Moreover, Mitsui CSR Promotion Officers in business units and corporate divisions have taken the initiative in organizing various sustainability awareness-raising programs, such as in-house sustainability seminars and lectures by people from partner companies and external experts, and sustainability-themed workshops through employees' day-to-day work. In this way, we are urging employees to consider sustainability issues in their everyday business.

 

Sustainability Committee

In recent years, there has been growing interest in the United Nations' "Sustainable Development Goals" (SDGs) and in "Environmental, Social, and Governance" (ESG) investing. In order to send a clearer message about Mitsui & Co.'s unchanging commitment to the creation of new value for society through our business activities and our continual pursuit of the mutual sustainability of society and our company, we launched the Sustainability Committee on May 1, 2017.

The Sustainability Committee will assume a stronger and broader role than its predecessor, the CSR Promotion Committee. It will submit proposals to the Corporate Management Committee regarding sustainability-related management policies and business activities (identifying risks and opportunities in business), company-wide policies relating to the environment, conduct deliberations on effective information disclosures to stakeholders, inculcates the importance of sustainability management throughout the Company, make proposals in relation to Specially Designated Businesses, and engage in other sustainability related matters.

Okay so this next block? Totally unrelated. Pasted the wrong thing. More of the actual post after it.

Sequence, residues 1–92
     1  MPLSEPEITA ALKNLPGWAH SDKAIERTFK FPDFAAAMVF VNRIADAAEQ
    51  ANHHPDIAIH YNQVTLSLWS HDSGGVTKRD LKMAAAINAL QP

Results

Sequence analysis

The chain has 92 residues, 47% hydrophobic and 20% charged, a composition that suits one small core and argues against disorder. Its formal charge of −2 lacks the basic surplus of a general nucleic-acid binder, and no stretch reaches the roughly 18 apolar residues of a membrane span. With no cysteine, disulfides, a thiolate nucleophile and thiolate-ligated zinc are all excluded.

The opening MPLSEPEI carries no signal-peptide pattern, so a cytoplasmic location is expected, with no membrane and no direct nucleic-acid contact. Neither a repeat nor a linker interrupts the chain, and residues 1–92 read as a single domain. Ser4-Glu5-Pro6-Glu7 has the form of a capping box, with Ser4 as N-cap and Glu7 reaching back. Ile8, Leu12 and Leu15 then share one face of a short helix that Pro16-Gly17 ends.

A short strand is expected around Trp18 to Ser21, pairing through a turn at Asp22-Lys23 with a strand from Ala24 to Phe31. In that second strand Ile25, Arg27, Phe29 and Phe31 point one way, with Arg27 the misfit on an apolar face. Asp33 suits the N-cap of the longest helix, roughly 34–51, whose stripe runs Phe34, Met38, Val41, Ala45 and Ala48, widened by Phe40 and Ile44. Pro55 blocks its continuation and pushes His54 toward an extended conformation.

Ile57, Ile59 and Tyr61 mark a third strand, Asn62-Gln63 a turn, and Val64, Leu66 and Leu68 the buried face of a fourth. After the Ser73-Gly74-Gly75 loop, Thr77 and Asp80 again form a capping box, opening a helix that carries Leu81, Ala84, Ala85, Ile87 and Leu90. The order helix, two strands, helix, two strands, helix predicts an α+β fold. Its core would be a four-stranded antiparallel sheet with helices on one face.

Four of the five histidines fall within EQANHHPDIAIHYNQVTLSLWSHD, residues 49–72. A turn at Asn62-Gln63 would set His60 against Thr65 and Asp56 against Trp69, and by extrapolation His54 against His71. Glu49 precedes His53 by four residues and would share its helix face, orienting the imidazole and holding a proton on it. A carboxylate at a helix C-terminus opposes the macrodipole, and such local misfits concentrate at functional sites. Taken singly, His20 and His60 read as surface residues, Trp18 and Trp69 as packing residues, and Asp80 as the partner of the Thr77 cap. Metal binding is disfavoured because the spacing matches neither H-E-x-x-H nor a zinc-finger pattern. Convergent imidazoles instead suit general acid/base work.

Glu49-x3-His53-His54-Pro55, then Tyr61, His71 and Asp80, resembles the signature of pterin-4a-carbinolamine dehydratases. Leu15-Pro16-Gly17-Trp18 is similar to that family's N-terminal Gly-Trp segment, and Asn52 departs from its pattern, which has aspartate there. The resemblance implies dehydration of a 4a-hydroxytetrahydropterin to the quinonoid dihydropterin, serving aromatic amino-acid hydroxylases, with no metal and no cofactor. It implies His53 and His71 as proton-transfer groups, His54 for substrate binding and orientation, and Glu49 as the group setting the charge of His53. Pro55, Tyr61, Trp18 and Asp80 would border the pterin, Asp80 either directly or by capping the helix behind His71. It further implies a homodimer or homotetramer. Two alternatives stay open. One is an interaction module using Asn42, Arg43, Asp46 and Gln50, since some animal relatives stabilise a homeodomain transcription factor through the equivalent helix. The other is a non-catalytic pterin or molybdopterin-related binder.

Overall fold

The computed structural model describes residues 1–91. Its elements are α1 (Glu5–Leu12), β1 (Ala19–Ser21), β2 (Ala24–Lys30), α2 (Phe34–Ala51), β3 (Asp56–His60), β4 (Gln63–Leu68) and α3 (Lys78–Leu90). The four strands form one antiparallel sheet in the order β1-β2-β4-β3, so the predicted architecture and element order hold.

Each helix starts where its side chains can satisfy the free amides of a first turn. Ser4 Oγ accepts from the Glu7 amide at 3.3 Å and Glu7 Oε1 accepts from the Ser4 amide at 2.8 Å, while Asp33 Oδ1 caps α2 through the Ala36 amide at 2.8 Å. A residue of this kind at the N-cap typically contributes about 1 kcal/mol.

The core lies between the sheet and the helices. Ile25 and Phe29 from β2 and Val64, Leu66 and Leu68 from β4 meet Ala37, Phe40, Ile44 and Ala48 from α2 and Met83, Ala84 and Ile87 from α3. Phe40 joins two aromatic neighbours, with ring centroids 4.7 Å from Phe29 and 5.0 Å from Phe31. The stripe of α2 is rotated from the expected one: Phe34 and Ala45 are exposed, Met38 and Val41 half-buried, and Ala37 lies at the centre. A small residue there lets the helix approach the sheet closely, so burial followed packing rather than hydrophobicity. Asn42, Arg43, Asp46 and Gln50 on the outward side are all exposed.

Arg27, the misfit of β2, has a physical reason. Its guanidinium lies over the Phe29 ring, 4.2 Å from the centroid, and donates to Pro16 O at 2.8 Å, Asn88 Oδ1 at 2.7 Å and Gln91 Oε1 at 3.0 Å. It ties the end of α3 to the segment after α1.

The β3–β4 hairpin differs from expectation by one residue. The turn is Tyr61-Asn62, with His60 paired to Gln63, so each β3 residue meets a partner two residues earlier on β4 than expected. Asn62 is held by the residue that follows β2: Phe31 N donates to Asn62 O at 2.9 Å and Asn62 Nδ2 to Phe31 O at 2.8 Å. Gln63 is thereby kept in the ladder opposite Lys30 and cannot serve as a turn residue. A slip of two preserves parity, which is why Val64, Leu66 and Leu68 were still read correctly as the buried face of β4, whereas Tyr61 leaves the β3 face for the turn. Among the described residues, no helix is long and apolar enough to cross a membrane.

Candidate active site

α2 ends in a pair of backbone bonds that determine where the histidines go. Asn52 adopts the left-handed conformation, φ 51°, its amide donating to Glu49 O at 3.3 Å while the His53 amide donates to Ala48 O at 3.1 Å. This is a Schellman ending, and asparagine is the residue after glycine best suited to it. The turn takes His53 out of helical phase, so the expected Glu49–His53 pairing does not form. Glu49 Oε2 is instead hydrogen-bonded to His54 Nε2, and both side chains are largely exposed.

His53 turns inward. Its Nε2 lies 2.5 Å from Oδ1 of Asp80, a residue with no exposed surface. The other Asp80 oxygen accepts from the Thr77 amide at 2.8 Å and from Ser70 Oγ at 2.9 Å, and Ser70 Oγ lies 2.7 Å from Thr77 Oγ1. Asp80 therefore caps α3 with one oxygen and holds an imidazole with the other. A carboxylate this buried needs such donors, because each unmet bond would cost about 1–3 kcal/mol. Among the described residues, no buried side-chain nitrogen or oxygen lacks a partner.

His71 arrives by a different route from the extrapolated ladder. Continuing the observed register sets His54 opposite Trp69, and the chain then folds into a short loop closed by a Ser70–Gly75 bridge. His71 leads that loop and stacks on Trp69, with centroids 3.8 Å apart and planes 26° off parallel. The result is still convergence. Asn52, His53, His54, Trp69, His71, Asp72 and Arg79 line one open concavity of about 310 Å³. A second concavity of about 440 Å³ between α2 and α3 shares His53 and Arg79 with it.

The committee's chairman is the executive officer in charge of corporate staff divisions (overseeing the Corporate Planning & Strategy Division), and its deputy chairman is the executive officer in charge of corporate staff divisions (overseeing the Human Resources & General Affairs Division and the Legal Division). The general managers of each corporate staff division - the Corporate Planning & Strategy Division (secretariat), the Investor Relations Division, the Corporate Communications Division, the Human Resources & General Affairs Division, the Legal Division, the Investment Administrative Division, and the Environmental·Social Contribution Division - serve as committee members. The committee has the following duties:

  1. Develop basic policies on the company's sustainability management and fundamental plans for activities to promote sustainability and CSR.